While we have some interesting TV programmes like Channel 4’s “Benefits Britain 1949”, which could be useful starting points to discuss the current and potential future reforms, they are dismissed as ‘poverty porn’ and government propaganda (despite it being a Labour government in 1949) by people who actually believe we live in George Orwell’s 1984!

I once again have to conclude most people who understand the situation and the fear induced hatred that exists on the subject just do not know how to stand up and be counted. It is only a few brave souls or perhaps crazy idiots like myself who are prepared to properly stand up and fight to be heard. I am outraged that as a disabled person all my life, for four decades, I have had my own issues stolen from me by a bunch of sick and disabled people who will verbally abuse anyone who refuses to support their paranoid socialist victimhood ideology that berates me for working, for being positive and even for smiling.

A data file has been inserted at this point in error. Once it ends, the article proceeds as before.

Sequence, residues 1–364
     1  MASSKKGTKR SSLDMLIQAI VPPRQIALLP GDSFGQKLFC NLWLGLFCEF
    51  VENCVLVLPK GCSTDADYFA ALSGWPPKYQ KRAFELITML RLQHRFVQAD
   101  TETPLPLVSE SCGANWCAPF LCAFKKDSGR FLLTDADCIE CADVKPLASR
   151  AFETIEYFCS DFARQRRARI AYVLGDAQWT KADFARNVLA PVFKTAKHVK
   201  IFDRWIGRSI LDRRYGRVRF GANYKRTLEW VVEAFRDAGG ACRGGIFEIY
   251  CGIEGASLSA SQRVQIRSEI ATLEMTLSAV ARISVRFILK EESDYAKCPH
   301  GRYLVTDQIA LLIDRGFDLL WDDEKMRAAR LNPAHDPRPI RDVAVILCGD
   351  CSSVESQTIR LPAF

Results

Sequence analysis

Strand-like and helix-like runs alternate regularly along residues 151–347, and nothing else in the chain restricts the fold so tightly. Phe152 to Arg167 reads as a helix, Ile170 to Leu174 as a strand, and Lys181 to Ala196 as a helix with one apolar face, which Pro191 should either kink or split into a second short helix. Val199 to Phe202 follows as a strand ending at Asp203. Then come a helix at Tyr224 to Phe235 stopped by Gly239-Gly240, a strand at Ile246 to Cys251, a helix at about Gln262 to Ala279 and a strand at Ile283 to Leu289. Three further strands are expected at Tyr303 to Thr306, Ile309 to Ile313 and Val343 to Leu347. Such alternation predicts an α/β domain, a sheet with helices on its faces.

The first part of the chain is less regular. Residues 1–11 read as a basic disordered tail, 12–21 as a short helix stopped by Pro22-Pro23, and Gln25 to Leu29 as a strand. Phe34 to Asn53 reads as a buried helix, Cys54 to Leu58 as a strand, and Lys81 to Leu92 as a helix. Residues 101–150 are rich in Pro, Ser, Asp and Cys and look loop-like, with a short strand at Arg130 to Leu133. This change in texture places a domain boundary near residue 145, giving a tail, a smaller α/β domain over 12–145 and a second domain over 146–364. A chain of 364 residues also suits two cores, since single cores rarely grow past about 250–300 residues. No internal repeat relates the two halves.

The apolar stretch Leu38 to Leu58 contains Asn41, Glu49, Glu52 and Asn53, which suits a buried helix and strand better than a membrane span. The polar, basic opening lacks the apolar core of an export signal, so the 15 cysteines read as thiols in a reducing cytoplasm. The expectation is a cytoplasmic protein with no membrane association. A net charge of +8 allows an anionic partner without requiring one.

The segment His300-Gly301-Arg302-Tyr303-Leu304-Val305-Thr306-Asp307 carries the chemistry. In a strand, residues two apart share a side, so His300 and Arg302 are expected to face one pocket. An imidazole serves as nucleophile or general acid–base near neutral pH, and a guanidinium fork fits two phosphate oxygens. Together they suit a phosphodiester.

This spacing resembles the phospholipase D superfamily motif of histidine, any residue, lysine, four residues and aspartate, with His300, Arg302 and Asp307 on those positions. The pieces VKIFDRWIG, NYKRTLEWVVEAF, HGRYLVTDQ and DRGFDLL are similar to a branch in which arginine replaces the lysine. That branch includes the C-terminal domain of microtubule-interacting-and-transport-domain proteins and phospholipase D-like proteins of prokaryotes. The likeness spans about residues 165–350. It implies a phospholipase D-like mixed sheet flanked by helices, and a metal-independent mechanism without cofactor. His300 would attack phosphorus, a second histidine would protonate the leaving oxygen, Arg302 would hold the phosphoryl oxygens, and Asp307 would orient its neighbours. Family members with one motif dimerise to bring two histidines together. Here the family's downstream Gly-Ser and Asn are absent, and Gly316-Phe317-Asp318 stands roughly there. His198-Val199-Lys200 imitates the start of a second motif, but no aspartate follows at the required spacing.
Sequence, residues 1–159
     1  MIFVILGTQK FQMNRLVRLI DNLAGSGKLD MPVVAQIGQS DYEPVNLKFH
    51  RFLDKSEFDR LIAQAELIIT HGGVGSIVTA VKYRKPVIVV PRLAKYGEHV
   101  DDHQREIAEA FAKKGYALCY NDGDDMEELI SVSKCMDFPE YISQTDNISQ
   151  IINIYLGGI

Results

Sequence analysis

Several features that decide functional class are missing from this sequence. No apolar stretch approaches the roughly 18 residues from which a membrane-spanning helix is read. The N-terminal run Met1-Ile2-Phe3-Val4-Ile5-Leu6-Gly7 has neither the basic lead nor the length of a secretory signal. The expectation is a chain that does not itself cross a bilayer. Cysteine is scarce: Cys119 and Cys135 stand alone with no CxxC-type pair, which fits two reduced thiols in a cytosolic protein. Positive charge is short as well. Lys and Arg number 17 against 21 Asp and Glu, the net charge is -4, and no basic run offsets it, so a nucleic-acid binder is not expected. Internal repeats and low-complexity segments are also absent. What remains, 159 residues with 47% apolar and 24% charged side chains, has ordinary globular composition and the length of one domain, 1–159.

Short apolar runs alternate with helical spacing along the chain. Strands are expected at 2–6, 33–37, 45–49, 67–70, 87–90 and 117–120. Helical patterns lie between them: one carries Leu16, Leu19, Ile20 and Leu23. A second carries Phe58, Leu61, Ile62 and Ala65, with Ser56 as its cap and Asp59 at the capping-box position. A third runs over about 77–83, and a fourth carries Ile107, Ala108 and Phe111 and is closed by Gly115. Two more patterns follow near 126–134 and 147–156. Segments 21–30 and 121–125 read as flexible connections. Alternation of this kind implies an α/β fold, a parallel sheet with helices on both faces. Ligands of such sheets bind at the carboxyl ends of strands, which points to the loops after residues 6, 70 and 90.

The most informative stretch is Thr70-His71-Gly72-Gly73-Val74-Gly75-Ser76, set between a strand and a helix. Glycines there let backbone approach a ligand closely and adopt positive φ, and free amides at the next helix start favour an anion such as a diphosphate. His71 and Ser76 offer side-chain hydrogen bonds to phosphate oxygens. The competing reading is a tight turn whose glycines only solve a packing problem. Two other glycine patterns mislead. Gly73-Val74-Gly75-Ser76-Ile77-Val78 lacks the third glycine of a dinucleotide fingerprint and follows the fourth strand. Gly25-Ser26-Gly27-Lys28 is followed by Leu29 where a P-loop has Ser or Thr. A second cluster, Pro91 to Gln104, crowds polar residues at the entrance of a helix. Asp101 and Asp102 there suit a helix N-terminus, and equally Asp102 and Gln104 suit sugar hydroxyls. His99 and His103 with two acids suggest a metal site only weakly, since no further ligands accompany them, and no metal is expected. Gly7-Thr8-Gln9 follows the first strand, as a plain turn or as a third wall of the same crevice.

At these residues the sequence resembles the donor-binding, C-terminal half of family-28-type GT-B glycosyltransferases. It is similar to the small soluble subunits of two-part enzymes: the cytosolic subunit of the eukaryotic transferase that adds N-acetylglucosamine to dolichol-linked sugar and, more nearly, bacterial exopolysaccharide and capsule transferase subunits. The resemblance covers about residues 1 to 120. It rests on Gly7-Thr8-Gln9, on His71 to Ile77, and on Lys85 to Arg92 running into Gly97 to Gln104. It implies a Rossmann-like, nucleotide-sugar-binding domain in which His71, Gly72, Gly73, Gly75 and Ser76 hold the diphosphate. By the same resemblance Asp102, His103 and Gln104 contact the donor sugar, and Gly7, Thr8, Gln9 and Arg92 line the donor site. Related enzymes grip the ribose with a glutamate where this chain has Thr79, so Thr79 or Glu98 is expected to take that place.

It is therefore not at all possible to have any sensible debate on the welfare reform and I fear for many disabled people, free speech and the right to have your own political views are a thing of the past as mob rule certainly wins.

I do not have any political label


I know there are certainly a few readers out there who would happily label me a Conservative although it is far from the truth as I simply shudder at some of their policies, others you know me better may argue I have certainly Labour but again, I don’t like all their policies. The reality is that my personal politics is made up of policies for all parties and includes my own ideas. I do not support or berate the government as a whole and examine each policy individually based on my own opinion, not what I believe I must think to please others.